Russia Joins WTO
Wednesday 22 August, Russia joined the World Trade Organization as 156th country.
It is the last large economy to join the WTO, ten years after China. China’s joining resulted in a huge increase in world trade, shipping and the port sector, and caused price rises in shipping transport and capacity shortages in ports. Given the economic stagnation in Europe and the capacity that is currently available, a possible increase in Russian imports and exports will be easier to accommodate. Another difference with then is that China imports large quantities of raw materials and exports consumer products. Russia is the mirror image, and in theory that should provide more opportunities for European industry. Foreign investments in Russia are also picking up due to Russia’s mineral riches and energy industry. Alexander Lukashevich, spokesman for the Russian Ministry of Foreign Affairs, said that Russia’s joining was ‘the meagre good news during the current international economic instability’.
Rotterdam is the most important port for the Russian export of raw materials. The volume transported via the port of Rotterdam, especially in liquid cargo, has grown considerably in the past years. Many recent investments in the port area are related to the Russian market and Russia’s joining. The future Shtandart terminal, for instance, concentrates on the throughput of Russian oil to the world market. Russian businesses are also keen to set up in the city. Russia’s joining the WTO thus offers the port of Rotterdam many opportunities.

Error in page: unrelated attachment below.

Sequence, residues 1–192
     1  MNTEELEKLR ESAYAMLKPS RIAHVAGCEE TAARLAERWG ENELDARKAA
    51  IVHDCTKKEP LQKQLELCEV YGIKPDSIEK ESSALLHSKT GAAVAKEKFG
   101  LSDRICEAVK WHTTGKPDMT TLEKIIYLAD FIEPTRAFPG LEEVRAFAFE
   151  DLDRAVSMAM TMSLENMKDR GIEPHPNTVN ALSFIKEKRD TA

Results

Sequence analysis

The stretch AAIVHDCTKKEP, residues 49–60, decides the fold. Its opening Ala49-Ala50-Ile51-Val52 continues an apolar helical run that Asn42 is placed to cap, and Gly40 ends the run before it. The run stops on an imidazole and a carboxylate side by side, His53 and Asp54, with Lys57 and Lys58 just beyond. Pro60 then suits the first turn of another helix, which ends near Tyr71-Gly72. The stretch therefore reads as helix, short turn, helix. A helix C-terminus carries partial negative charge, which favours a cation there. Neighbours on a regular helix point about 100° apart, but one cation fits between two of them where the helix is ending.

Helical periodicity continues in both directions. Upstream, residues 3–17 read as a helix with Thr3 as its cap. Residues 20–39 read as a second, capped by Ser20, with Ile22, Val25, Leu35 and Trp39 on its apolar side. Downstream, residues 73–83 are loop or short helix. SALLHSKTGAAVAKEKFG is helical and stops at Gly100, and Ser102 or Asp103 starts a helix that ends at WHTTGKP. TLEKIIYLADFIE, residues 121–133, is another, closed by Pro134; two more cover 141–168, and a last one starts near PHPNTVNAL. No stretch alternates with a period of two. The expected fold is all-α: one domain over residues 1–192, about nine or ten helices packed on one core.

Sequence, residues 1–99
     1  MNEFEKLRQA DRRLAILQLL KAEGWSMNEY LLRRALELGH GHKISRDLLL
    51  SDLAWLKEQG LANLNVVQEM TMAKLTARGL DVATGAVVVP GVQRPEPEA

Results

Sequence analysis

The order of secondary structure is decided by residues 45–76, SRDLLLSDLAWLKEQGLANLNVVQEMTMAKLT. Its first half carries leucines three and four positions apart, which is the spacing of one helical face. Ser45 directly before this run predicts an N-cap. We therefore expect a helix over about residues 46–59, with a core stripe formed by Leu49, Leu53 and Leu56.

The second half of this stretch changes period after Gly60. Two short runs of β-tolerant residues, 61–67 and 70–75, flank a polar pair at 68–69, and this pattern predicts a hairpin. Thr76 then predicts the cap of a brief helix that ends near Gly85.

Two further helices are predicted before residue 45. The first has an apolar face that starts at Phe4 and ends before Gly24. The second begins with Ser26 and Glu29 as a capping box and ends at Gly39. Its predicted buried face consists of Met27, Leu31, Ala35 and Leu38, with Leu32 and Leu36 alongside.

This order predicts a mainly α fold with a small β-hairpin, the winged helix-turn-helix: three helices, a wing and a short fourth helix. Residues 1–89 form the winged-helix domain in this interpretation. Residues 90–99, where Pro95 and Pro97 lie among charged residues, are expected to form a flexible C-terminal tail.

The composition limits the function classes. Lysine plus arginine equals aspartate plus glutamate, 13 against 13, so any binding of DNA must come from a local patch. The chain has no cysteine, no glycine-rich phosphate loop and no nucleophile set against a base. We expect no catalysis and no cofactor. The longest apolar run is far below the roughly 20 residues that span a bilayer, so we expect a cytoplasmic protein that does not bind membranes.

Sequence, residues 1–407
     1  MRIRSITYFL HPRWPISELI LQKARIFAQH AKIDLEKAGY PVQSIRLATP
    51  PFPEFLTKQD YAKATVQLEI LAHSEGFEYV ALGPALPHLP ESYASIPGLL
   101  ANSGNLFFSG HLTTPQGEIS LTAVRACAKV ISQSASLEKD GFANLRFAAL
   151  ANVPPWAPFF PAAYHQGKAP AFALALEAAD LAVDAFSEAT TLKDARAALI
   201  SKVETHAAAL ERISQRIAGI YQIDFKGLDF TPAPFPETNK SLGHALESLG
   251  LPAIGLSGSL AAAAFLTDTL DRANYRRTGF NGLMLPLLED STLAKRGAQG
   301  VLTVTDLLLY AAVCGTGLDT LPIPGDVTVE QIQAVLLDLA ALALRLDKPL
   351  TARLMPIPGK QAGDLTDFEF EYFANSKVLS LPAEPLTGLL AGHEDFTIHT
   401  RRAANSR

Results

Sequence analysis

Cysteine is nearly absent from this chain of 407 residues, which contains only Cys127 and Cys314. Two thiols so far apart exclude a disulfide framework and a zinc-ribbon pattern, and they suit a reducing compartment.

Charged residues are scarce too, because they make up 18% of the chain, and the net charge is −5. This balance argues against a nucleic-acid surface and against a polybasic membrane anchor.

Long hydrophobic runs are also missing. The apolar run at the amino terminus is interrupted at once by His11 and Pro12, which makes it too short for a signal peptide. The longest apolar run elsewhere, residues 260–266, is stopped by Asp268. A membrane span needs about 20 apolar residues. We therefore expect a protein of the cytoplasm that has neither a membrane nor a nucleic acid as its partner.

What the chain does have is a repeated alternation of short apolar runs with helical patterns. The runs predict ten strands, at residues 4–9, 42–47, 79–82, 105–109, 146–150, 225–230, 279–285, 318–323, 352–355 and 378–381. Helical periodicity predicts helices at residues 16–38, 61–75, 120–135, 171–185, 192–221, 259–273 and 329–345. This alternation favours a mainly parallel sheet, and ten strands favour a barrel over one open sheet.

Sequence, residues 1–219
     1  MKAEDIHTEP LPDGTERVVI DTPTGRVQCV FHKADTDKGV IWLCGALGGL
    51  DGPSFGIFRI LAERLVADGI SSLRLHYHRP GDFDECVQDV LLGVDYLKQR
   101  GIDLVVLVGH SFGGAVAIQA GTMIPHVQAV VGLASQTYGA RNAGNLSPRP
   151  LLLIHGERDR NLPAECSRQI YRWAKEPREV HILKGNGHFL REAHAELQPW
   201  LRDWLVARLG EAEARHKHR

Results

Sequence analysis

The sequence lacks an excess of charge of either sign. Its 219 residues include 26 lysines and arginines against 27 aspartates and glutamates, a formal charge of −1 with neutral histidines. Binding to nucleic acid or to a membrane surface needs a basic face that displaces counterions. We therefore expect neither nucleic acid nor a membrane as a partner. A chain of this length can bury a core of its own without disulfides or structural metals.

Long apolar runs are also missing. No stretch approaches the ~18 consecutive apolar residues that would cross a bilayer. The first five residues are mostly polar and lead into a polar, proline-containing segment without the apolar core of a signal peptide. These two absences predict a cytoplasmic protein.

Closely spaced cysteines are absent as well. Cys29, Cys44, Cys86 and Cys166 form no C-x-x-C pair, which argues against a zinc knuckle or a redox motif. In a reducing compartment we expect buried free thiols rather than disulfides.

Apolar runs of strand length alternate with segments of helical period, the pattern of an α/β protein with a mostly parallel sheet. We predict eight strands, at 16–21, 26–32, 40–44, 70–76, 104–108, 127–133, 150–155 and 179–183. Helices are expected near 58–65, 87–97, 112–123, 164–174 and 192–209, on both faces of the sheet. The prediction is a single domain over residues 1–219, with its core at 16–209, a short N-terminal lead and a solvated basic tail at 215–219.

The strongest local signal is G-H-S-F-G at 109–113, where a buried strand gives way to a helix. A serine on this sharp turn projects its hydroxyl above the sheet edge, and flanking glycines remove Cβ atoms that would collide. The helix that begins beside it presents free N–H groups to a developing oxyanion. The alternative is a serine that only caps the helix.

Background facts and figures
Russia’s share within Rotterdam’s total throughput in 2010 was 14% or 59.8 million tonnes (1). In volume, Russia is Rotterdam’s 2nd biggest partner (2). As EU destination for Russian exports. The Netherlands (Rotterdam) ranks 2nd, after Germany. Its share was 13% or 14.3 billion euro in 2009 (3). The three main products are crude oil and oil products, both transported mainly via the Port of Primorsk, and containers transported via St. Petersburg.
Most of the freight heads westward and consists of liquid bulk: 32.2 million tonnes of crude oil and 20 million tonnes of oil products, mainly fuel oil and gas oil (diesel). Russia is the main oil supplier to the Netherlands. For more information, click here. In Rotterdam, the Russian market share in crude oil is 30% and in products it is 25%. Other major freight flows are chemicals (approx. 950,000 tonnes), iron and steel (400,000 tonnes), non-ferrous metals (860,000 tonnes) and coal (450,000 tonnes).
The trade to Russia consists almost totally of general freight: 2.3 million tonnes, mainly consumer goods in containers. From Russia, 2.6 million tonnes is exported in containers and as break bulk. The number of containers transported in 2010 corresponds to 446,000 TEU, 57% up on the previous year. Container freight concerns both transhipment from Asia, and intra-European freight (‘shortsea’), concentrating on the Port of St. Petersburg, and since recently Ust-Luga. To date a large number of containers for/from Russia is still transported via Finland (224,000 TEU, +36% v. 2009).
The Rotterdam spearheads with regard to Russia are break bulk (paper and wood products, steel and iron), containers and energy (oil, gas, coal, biomass). The oil sector in Russia will be mainly informed about the possibilities for tank storage, ship to ship transfers (dolphins and buoys in Caland Canal) and pipeline transport to the hinterland (4). The Dutch, on the other hand, are interested in the possibilities of the future energy port developments, especially in Primorsk and Yamal/Murmansk.
Source: Port of Rotterdam Authority, August 23, 2012